NTERNAL security, or IS, is the act of keeping peace within the borders of a sovereign state or other self-governing territories, generally by upholding the national law and defending against internal security threats.
Papua New Guinea, like any sovereign country, has to guarantee internal security by putting in place mechanisms aimed at preventing and fighting crime and safeguarding law and order and public tranquility as it is a pre-requisite for ensuring peace and stability.
Our country’s young history is littered with many experiences where we can draw lessons from to address IS challenges.
Notably the Bougainville Crisis, the bloody civil unrests, continuous bloodbath come every election, sagas involving international fugitives like Julian Moti and Djoko Tjandra and the colossal damage of state asset in the Mendi mayhem, to name a few.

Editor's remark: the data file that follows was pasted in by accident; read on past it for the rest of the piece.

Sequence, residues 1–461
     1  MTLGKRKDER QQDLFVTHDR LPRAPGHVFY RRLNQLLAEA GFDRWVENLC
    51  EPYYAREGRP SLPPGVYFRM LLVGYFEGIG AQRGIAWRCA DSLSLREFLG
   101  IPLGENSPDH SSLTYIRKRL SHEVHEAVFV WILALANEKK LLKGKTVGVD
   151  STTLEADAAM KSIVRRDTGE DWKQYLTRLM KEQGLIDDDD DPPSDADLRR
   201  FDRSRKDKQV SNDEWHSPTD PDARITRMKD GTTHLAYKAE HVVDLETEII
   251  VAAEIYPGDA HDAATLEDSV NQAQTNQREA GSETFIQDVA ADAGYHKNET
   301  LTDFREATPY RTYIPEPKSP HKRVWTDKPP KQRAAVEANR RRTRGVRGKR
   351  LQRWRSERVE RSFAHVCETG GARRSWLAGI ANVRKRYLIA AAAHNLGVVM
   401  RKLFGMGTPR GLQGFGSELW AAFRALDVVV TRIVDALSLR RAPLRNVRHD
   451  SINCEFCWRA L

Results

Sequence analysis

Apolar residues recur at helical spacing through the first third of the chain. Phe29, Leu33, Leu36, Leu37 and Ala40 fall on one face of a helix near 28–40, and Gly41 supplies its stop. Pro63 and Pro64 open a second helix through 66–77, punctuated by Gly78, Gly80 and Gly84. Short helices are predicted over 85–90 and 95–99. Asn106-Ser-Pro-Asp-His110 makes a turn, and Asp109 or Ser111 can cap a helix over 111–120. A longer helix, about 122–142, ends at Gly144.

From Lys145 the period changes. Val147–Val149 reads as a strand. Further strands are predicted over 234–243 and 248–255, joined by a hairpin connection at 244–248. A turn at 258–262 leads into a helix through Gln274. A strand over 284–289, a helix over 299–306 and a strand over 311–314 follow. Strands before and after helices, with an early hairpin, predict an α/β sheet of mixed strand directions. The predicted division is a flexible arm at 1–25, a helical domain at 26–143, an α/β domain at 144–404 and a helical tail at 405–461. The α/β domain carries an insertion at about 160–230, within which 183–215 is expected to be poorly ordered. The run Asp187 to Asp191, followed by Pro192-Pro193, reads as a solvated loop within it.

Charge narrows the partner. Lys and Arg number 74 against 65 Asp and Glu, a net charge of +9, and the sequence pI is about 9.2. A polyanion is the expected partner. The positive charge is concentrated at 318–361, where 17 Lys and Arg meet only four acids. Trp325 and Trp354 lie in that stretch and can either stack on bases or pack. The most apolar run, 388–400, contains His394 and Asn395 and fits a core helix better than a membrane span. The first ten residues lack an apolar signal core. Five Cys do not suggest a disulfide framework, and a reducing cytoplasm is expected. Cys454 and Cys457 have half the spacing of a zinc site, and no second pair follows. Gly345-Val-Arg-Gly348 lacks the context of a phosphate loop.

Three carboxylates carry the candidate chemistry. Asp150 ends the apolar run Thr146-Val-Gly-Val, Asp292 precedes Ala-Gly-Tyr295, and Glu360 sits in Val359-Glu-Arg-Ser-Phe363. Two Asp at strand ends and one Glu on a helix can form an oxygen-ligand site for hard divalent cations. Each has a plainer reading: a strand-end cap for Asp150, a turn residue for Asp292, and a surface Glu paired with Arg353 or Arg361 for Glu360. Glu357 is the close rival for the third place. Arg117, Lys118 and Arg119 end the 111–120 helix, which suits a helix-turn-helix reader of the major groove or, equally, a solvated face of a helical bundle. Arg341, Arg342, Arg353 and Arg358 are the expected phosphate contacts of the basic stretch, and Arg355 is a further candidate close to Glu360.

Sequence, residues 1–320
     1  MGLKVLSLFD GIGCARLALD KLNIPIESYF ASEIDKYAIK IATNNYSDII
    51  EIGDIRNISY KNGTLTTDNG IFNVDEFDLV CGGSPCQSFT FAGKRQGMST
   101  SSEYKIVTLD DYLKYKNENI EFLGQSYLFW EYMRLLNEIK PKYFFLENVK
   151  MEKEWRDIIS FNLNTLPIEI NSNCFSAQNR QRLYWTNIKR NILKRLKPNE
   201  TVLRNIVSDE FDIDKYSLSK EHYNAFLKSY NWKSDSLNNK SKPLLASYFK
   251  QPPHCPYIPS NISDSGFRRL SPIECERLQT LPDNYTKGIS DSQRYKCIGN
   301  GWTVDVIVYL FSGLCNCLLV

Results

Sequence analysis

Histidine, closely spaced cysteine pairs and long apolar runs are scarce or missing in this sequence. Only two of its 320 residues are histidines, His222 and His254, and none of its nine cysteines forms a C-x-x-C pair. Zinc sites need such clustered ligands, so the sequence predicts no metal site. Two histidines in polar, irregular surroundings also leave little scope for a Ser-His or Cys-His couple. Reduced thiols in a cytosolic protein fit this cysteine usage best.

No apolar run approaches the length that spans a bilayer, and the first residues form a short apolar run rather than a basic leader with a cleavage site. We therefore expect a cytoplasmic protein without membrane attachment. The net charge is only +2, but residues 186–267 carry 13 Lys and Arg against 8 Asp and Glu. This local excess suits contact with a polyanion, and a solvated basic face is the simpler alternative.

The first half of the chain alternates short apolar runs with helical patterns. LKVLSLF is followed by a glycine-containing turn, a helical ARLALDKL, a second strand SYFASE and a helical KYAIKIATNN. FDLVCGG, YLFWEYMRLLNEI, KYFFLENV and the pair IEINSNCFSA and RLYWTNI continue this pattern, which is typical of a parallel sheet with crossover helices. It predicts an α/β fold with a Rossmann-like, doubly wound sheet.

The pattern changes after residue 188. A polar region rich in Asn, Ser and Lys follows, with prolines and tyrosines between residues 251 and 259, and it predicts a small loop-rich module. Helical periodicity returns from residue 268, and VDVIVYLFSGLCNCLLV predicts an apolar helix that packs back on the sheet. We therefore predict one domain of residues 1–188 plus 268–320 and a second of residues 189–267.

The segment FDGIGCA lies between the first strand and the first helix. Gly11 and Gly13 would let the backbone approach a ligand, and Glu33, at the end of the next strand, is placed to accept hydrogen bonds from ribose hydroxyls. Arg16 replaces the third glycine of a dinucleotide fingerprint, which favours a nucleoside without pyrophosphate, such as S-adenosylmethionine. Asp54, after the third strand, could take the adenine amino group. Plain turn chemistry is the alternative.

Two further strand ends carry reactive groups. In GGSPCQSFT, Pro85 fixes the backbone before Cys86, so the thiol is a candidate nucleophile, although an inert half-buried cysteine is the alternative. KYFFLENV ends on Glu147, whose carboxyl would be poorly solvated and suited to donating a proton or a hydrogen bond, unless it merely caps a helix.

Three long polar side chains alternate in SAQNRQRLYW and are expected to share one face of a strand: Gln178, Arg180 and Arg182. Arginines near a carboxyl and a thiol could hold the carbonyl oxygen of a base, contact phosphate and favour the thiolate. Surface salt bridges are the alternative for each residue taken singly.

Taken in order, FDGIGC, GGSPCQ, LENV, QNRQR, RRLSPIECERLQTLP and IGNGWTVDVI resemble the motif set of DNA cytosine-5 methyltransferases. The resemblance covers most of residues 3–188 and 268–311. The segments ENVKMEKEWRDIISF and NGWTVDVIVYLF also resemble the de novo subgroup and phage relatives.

Successfully hosting Apec in November now increasingly demands the best of security contingencies and a safe and secure environment based on a sound and highly resilient IS arrangement.
Internal security is therefore of paramount importance to the State and now requires all players in the realm of security to be involved.
This means that whatever mechanisms we adopt must justify the need and necessity of our security and at the same time underpin the vital importance of the survival of our democracy and the safety of citizens and assets and thus take place in a clearly defined legal framework that guarantees the efficiency and effectiveness of the system.
Beside Apec and its immediate security contingencies, in the long-term, importance in internal security is the predominant part of the national security and deserves to be given a systemic upgrade in line with the country’s security strategy and its development agenda.
What it requires is a safety mechanism to address things like human rights and the abuse stated above through well-defined legal parameters, specific requirements and accountabilities of the legislature.